Designing games in AR does also present developers with new conceptual and design challenges, of course, which in turn bring additional development challenges — and the toolkit is being designed to help with those challenges.
“If you think about augmented reality there’s two new mechanics that you can work with; one is the position of the phone now matters,” notes Finman. “The second thing is… the real world become content. So like the map data, the real world, can be integrated into the game. So those are two mechanics that didn’t exist in any other medium before.
“From a developer standpoint, one added constraint with augmented reality is because it depends on the real world it’s difficult to debug… so we’ve developed tools so that you can play back logs. So then you can actually go through videos that were in the real world and interact with it in a simulated environment.”
Discussing some of the ideas and “clever mechanics” they’re seeing early developers playing with, he suggests color as one interesting area. “Thinking about the real world as content is really fascinating,” he says. “Think about color as a resource. So then you can mine color from the real world. So if you want more gold, put up more Post-It notes.”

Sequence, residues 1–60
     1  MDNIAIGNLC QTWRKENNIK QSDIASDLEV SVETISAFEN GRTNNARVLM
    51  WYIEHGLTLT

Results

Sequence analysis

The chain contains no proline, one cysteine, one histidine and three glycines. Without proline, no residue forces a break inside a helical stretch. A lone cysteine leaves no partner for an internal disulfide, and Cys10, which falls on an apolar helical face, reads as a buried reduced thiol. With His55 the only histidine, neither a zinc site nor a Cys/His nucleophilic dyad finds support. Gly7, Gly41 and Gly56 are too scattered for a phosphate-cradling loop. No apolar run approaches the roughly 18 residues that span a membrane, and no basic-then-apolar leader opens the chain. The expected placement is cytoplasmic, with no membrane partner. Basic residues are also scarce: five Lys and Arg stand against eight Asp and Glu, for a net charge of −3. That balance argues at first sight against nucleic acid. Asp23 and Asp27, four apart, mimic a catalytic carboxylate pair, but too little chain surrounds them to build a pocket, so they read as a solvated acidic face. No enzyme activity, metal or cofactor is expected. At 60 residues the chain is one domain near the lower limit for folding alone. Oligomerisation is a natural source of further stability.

The business model for Escher Reality’s SDK is usage based, meaning they will charge developers for usage on a sliding scale that reflects the success of their applications. It’s also offered as a Unity plug-in so the target developers can easily integrate into current dev environments.
“It’s a very similar model to Unity, which encourages a very healthy indie developer ecosystem where they’re not charging any money until you actually start making money,” says Hu. “So developers can start working on it and during development time they don’t get charged anything, even when they launch it, if they don’t have that many users they don’t get charged, it’s only when they start making money we also start making money — so in that sense a lot of the incentives align pretty well.”
The startup, which is graduating YC in the summer 2017 batch and now headed towards demo day, will be looking to raise funding so they can amp up their bandwidth to support more developers. Once they’ve got additional outside investment secured the plan is to “sign on and work with as many gaming studios as possible”, says Finman, as well as be “head down” on building the product.
“The AR space is just exploding at the moment so we need to make sure we can move fast enough to keep up with it,” he adds.